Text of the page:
Taroona Shot Tower is a building in the Tasmanian town of Taroona, Australia. Built in 1870, a Shot tower was a building used to make shot balls or projectiles for firearms. The tower would be designed so that there would be a large basin of water at the bottom of the tower. Lead would be melted and carried up to the top of the tower via a stairway built circling around the tower. At the top of the tower the molten lead would be poured into a copper sieve at the top of the tower, causing the molten lead to 'rain' into the water at the bottom. At the droplets of lead hit the water they would freeze and become solid, this formed small and perfectly spherical shot balls that could be used as ammunition.
The Taroona Shot tower was the first shot tower built in Australia. At the time it was built it was the tallest building in Australia (It is 53 metres tall, and has 300 stairs leading up to the top of the tower). It was the tallest building in Tasmania until recently when it was surpassed by the 63 metre tall ABC Tower in Hobart. The factory at the foot of the tower housed the furnace and has three floors. Taroona Shot Tower was made to close in 1901, since it is one of three remaining shot towers in Australia, it has been declared a protected site and the factory is now a museum.
Taroona Shot Tower is also Haunted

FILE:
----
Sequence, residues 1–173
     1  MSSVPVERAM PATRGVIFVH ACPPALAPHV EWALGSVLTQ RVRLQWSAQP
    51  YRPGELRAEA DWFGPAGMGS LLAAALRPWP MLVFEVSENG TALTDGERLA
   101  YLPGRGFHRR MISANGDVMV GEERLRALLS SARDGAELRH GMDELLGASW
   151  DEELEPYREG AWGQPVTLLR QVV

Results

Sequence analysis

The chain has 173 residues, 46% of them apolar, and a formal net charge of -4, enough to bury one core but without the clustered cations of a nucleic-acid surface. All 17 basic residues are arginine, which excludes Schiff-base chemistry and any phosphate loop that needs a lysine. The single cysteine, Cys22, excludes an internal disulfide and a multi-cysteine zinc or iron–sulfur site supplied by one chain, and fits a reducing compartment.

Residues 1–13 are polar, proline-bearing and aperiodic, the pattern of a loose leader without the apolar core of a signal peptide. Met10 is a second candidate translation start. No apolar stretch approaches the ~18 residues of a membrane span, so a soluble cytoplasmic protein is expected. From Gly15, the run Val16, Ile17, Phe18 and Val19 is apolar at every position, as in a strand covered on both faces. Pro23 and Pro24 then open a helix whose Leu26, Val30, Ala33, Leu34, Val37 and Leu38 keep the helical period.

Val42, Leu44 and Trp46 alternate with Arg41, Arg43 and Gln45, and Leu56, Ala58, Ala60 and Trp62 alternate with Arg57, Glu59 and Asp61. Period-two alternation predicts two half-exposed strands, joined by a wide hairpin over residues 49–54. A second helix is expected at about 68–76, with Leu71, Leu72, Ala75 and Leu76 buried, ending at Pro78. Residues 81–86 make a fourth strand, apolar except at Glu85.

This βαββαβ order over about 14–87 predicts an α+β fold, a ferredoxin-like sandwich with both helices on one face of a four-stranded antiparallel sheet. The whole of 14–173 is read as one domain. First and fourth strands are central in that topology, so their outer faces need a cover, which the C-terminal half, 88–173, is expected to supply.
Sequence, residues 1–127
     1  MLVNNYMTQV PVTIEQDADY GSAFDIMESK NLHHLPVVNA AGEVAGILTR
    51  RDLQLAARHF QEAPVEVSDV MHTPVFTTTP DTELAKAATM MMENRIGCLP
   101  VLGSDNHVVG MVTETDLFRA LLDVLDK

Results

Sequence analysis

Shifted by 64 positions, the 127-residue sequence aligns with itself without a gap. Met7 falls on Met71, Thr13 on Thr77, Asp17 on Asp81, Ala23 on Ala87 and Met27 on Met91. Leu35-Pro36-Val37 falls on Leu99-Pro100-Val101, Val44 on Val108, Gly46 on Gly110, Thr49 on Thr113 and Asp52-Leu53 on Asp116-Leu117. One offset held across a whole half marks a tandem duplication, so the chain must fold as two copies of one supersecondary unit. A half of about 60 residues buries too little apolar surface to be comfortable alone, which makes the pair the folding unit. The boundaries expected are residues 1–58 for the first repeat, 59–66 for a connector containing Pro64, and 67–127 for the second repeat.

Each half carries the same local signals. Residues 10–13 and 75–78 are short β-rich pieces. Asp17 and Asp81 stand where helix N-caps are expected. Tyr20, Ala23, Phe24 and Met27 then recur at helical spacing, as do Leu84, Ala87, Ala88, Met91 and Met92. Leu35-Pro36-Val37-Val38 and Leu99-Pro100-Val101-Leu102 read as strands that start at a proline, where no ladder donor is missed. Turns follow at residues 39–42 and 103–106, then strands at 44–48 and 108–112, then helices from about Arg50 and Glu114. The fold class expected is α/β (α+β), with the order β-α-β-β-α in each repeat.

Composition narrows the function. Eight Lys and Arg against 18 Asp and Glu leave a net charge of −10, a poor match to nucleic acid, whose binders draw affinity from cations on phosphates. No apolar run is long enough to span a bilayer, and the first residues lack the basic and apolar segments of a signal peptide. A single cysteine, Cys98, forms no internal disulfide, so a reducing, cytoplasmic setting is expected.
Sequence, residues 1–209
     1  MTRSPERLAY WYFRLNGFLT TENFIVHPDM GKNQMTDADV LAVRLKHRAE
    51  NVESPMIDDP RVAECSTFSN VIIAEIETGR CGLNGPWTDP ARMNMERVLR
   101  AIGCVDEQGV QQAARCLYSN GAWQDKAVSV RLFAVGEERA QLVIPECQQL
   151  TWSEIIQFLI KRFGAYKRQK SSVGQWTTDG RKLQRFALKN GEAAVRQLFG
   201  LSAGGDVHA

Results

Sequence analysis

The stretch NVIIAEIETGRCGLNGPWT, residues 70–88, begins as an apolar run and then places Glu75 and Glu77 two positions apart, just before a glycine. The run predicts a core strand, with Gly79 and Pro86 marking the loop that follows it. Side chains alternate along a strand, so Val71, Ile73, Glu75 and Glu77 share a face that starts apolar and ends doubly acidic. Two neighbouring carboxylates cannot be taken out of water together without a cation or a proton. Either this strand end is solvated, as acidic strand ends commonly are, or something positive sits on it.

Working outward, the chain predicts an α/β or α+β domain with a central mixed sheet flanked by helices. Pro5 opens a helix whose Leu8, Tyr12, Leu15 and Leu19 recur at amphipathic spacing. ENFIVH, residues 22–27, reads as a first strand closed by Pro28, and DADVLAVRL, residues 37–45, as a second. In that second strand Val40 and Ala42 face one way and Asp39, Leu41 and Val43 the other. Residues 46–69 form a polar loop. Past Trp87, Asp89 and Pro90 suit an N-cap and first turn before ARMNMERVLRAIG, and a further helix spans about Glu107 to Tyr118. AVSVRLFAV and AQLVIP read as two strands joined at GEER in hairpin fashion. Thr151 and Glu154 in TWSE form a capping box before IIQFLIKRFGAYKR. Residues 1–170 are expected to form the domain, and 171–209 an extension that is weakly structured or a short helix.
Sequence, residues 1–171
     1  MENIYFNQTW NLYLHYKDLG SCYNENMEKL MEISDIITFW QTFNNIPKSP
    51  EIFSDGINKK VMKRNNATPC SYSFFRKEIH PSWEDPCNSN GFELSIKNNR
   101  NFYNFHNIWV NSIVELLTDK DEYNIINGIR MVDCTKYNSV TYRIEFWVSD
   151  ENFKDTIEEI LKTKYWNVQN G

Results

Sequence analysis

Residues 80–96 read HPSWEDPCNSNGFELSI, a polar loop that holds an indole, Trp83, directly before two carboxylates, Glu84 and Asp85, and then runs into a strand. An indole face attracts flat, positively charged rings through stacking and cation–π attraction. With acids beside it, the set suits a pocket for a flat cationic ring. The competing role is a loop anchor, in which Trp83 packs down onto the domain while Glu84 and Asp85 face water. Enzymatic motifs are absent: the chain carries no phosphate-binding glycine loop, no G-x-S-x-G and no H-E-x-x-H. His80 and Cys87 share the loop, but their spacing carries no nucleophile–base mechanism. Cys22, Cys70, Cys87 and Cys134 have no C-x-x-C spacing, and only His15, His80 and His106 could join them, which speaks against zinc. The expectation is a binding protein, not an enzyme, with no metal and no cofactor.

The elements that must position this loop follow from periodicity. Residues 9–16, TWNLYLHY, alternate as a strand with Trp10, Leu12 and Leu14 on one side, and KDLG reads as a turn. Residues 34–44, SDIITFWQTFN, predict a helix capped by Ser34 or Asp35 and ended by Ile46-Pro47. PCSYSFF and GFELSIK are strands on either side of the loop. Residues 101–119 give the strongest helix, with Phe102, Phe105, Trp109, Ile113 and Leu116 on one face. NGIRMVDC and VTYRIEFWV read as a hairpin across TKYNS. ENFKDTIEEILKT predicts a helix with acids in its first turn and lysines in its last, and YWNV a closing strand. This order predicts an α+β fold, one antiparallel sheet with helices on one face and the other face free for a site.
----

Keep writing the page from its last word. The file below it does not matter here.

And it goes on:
Joseph Moir was the Scottish businessman who built Taroona Shot Tower. Moir was born near the England/Scotland border in 1809 and migrated to what would become Tasmania (Van Diemen's Land) in 1829, at the age of twenty. Moir was a builder in Scotland and so was employed by the colonial government in 1834 as 'Clerk of public works for the colony', meaning he could help design some of the buildings in Van Diemen's land. Such as the Anglican church in Pontville, Moir became more influential in the colonial parliament because of his work.
In 1844 he returned to Scotland to marry Elizabeth Paxton, five years later, Moir decided to start an ironmongery business and travelled to Britain to collect hardware items. The family opened a store in Hobart which proved very successful. Using money made from the store, Moir bought a plot of land in Taroona in 1855 and built a new house for his family to live in on the property. In 1862, Moir began planning the construction of the Taroona Shot Tower. The Shot tower was completed in 1870 but after this Joseph Moir became very ill and four years later he passed away. Joseph Moir was originally buried in the family crypt that was by the cliffs below the shot tower but his body was later moved, his final resting place is unknown.
Joseph's son, also called Joseph took over the business and was made to sell the store in Hobart shortly after his fathers death, he later sold the shot tower to his brother-in-law who closed Taroona Shot Tower in 1901. It is said that Joseph Moir's ghost is still in the Shot tower, since lights have been seen at the top of the tower late at night and the door leading into the tower from the factory, which is usually locked, sometimes opens by itself.